Hey man, no worries.
Ok, step 1 you get your VCE result. Hope it is a good one! :p Then, go straight to the website below, which allows you to convert your ATAR into IB score. Obviously, this is the 2010 table, so it might change slightly in 2011.http://www.vtac.edu.au/pdf/ib_notional_enter.pdf
Step 2, After you have attained your IB score, for example sake, say a 36, you then check out the UCAS tariff table.
The tariff table is created to cater for international (Non-UK) and local students. If you don't want the explanation of why the tariff table is created, go ahead to this site to check out the tariff points of your IB score. For 36, you will be looking around 523 points.http://www.ucas.com/students/ucas_tariff/tarifftables/
The Tariff Table Explanation*
For international students, it allows the student to gain an idea of their A-level score, when applying for courses in unis abroad UK. For local students, the tariff points establish a sense of equivalency, allowing them more flexibility when applying for courses. For example, an IB score of 36 is equivalent to a tariff point of 523, which in A-level terms, is an A+ A+ A A, or A A A A E or A+ A+ A+ E E etccc (around low 500s) Note: To check the value of each grades, check out the last table.
Since the tariff table establish the value of the respective grades, local students would not be stifled by the amount of subjects they need to take in order to meet the entry requirements. They can hence choose to take on a wider range of subjects and score decently, or specialise on a few and do awesome in those subjects.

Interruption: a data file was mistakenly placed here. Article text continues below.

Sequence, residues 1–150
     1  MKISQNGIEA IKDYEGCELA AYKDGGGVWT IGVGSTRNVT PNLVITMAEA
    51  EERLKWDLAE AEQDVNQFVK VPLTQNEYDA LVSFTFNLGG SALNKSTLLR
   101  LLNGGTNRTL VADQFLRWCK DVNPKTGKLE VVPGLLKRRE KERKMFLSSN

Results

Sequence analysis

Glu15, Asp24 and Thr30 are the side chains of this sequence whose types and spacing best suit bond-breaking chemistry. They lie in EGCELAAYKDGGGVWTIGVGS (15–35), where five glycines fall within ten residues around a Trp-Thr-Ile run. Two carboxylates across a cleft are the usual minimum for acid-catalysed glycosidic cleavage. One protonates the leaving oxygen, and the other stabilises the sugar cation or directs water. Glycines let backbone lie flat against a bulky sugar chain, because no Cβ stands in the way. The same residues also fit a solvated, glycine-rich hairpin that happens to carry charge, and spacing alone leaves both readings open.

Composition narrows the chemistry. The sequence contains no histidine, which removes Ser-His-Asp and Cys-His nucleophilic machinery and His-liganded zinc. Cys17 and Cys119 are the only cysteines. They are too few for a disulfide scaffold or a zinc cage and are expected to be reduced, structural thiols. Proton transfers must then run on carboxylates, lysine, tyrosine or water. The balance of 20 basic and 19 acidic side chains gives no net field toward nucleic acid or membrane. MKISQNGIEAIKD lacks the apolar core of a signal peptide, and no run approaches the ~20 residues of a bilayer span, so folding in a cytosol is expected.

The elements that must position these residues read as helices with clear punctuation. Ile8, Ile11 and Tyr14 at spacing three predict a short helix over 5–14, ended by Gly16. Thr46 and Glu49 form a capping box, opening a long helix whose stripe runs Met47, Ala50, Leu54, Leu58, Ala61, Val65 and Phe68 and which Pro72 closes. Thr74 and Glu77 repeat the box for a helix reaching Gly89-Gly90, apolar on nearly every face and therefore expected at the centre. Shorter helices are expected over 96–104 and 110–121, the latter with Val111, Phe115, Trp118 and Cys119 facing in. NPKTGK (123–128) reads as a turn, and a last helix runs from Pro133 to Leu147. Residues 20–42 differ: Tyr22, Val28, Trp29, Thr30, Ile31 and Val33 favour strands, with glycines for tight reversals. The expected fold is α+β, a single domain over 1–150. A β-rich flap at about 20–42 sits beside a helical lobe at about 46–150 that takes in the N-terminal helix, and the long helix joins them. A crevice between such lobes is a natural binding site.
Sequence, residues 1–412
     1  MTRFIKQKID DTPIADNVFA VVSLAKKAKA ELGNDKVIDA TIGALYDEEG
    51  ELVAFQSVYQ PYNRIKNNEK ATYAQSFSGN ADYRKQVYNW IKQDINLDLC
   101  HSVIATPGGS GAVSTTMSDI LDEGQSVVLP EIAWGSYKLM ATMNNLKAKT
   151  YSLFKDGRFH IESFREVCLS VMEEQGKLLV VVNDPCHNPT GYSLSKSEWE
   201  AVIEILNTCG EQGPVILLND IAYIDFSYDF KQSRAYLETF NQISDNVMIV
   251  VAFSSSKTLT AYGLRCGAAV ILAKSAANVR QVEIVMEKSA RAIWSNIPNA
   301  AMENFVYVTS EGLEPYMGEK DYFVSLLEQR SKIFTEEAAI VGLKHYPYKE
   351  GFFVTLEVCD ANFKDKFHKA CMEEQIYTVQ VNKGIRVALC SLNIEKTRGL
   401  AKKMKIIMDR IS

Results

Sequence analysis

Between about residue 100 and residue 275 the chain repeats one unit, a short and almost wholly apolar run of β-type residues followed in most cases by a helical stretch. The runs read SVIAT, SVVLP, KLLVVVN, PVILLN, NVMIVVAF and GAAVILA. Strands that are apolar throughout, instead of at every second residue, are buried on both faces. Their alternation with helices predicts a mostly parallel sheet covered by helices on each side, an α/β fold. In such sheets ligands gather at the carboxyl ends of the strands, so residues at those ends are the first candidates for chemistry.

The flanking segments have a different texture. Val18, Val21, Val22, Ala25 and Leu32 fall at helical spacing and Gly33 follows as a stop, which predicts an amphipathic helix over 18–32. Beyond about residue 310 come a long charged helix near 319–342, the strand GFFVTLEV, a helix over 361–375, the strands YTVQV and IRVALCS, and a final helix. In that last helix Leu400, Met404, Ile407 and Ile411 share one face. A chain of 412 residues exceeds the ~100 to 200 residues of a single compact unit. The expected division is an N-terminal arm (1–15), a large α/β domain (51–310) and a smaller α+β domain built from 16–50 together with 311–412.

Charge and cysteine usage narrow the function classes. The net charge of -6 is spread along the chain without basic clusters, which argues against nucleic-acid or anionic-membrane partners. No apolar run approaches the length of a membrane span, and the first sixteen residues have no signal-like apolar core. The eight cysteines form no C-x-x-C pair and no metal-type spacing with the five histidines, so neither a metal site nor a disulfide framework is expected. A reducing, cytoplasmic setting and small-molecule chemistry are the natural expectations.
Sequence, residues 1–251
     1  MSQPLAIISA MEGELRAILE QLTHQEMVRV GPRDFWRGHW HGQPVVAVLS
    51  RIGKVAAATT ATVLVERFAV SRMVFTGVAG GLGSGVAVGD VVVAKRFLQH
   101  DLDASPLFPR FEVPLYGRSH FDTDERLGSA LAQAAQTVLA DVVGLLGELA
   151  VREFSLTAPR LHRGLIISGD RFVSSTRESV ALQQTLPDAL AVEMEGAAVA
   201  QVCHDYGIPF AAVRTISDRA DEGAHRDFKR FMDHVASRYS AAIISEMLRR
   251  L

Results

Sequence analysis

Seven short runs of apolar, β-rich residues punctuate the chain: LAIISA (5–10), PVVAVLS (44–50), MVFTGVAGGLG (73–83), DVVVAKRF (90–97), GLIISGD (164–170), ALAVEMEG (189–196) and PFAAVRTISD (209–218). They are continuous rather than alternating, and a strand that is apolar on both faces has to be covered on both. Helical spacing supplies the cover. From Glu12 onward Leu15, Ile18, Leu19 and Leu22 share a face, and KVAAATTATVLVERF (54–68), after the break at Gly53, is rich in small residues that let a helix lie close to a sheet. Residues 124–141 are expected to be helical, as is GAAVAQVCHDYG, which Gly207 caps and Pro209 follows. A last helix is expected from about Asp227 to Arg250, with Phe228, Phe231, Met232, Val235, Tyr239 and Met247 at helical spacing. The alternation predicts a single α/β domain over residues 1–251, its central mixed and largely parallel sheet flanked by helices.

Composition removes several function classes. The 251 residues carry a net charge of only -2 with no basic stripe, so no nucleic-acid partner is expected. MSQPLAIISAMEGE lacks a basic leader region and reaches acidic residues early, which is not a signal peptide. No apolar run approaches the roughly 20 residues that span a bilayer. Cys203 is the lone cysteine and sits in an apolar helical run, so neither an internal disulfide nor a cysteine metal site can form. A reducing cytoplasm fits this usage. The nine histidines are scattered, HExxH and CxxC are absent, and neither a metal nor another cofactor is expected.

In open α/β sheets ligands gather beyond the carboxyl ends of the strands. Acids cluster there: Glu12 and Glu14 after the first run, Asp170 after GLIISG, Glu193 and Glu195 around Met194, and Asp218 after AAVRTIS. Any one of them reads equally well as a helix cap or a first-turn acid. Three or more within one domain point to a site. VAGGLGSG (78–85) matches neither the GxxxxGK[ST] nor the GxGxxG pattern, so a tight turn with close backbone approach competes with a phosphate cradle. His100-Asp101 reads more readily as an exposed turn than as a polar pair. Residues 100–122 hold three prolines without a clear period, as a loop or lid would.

IB Diploma result UCAS Points (2010) A Level Equivalent
45 720 A*A*A*A*A*
40 611 A*A*A*A*D
36 523 A*A*AA
32 435 AAAD
28 348 AAB
24 260 BBD
A Level Grades Points Allocated
While many unis have now accepted tariff points as means of calculating entry requirements, many more prestigious ones, such as University of Edinburgh, Cambridge, Oxford, londondoesn't seem to be warming up to the idea anytime soon. For instance, law in Edinburgh requires an A level result of AAA and an IB score of minimum 34. An IB Score of 34(479 points) would give you around AAAB and more, considerably more than what you would require if you do A-levels. Hence, the ATAR -> convert to IB-> convert to A-Levels only gives you a sense of equivalence or idea, so in no way are the unis enforced to take you in, given that they are also look at contextual factors, the subjects you do etccc
All in all, the UK universities are simply not accepting that their 'golden standard' the A-level is now dying, you just gotta do a google-search engine to find articles such as ' Teachers say that a monkey can be trained to pass the A-Levels,' so just take the Tarriff points as a guideline if you are an international student( VCE, HSC), since the many conversions(to IB then to A-Levels), as Eriny stated, seems to make the whole matter even more blunt.
Hope this helps in some way, mate!
Note: If you look at the tables I have provided closely enough, you ill see that IB and VCE outclass A-levels big time, no wonder they are sore. Just bear in mind, most academically selective unis in UK require around an ABB for engineering, accounting etccc, an AAA is truly excellent (only an Ib score of 29-30, atar of 81s and 85s), so technically, we shouldn't be afraid. Though the good unis would always impose both IB and A-Level Grade in their entry requirements , and the IB score (even when converted to A-Level grades through their own ' UCAS' way) is usually considerably higher than that of the A-Level, so sucks to be us internationals.
We can only convert as far as to IB scores I think, so in a sense, the tariff table is useless to us. Lets hope some other people may shed more light on this issue.